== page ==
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In this blog I will introduce five employee ratios and provide comments on each one. I will then attach a table that will show the results using data taken from the Polly Ester case study and conclude by giving an interpretation of each ratio.
Employee ratios must rank amongst the easiest of all ratios to calculate and interpret. Many apparently successful companies have used employee ratios to manage their business. This can lead to a number of unsatisfactory decisions, e.g. increasing the number of consultants since they do not appear on the denominator of the ratio, but they do cost more than a comparable full-time employee.
The only word of caution when using these types of ratios is to ensure that the number of employees shown in the denominator of the ratio is expressed in terms of full-time equivalents. Apart from that, you simply pick a figure, divide it by the number of employees and you have a ratio.
In the Table below we show examples of five employee based ratios. These ratios are selected in order to verify our analysis so far.
The first two ratios focus on the trading activity, i.e. revenues per employee and profit per employee. Ideally, we would want to see both ratios increasing at a steady rate. For example, as revenues increased we would expect an increase in the number of employees. Similarly, given an increase in revenues per employee year-on-year, we would expect to see a corresponding increase in profit per employee – or slightly better.
The next two ratios provide a view to the expansion of a business. Non-current assets per employee shows whether or not a company is expanding through the purchase of non-current assets (e.g. purchase of new equipment), or whether it is expanding through the use of more labour (not the favoured approach these days). The second ratio shows the expansion of borrowings and can be viewed as a simple gearing ratio. It also shows whether an expansion in non-current assets is being financed through borrowing.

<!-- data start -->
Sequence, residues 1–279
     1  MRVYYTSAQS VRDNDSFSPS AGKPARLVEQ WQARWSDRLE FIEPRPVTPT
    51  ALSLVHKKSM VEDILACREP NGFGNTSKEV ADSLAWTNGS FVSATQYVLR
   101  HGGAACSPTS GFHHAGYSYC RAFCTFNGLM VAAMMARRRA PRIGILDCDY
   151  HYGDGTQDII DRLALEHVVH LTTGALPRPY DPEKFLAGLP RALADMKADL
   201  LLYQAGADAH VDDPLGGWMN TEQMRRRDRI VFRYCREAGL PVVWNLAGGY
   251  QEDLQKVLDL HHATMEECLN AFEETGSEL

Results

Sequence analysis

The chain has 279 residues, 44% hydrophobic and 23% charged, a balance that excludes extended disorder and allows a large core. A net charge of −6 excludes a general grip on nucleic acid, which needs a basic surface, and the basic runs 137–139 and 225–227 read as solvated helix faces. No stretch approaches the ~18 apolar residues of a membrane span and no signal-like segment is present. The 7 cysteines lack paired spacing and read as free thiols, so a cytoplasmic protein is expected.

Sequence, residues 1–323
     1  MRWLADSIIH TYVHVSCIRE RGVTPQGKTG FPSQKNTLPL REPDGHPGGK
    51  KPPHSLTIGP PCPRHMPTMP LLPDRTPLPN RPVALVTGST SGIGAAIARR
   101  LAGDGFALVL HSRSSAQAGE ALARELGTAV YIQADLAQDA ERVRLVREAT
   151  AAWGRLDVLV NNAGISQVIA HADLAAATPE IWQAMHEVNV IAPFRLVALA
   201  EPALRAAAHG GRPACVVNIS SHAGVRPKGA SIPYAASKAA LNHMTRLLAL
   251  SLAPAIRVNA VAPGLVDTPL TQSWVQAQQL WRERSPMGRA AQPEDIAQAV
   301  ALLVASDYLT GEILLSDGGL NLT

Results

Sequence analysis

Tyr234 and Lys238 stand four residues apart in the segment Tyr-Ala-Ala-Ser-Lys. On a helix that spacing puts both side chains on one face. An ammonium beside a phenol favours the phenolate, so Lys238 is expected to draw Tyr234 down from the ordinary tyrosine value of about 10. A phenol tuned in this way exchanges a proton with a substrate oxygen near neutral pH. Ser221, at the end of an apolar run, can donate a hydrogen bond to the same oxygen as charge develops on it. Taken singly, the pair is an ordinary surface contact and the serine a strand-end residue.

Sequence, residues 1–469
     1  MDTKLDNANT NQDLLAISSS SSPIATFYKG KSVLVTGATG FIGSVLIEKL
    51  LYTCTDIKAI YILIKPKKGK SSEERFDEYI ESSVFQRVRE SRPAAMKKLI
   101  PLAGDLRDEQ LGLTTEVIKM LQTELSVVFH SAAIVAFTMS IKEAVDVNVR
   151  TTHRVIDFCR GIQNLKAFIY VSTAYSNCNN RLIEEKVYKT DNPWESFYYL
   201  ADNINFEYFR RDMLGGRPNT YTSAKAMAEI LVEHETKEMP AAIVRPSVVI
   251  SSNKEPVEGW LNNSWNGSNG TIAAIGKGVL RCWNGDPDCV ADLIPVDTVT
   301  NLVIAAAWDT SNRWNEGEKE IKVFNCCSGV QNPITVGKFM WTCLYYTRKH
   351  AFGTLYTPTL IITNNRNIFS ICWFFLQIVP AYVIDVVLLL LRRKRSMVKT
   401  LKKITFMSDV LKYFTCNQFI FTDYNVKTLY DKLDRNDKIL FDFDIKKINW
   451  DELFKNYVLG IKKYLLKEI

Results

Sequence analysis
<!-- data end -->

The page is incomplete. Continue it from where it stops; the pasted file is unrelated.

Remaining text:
The last ratio, staff costs per employee highlights one of the major costs in most companies. For this ratio we would expect to see a gradual increase perhaps in line with inflation.
Finally, do be aware that the acquisition or disposal of parts of a business can have a substantial effect on employee ratios. For example, if a company made a major acquisition of a high tech business, we would expect staff costs per employee to increase in the year of acquisition and beyond.
|Revenues per employee||89,177||87,081||102,006||112,012|
|Profit per employee||11,715||9,975,||8,185||–598|
|Non-current assets per employee||29,897||30,359||32,220||30,508|
|Borrowings per employee||8,628||17,632||20,313||33,459|
|Staff costs per employee||27,199||27,301||29,440||31,959|
In the Table above we can see that the employee ratios are broadly in line with the analysis and interpretation performed so far.
Here we can see that the ratio of revenues per employee has increased, though profit per employee has reduced. Action to increase profit per employee would include, an increase in the selling price and/or a reduction in costs, e.g. a reduction in the cost of sales and/or distribution, selling and administration costs.
The ratio of non-current assets per employee shows an increase in the first three years followed by a decrease in the final year. The decrease in the final year might be caused by the disposal of Green and Gillies, with the non-current assets of that company now removed along with its employees, combined with an overall increase in employees. In this case, the ratio should have remained constant. It failed to do so because the number of employees actually increased. We find that there was a modest increase in non-current assets from £239.2 to £242.4 million, with a substantial increase in the number of employees 7,424 to 7,944.
The final ratio shows increases in staff costs per employee including inflation. Taken together with the increase in the number of employees for the period 2011/12 produces additional staff costs of £35.3 million.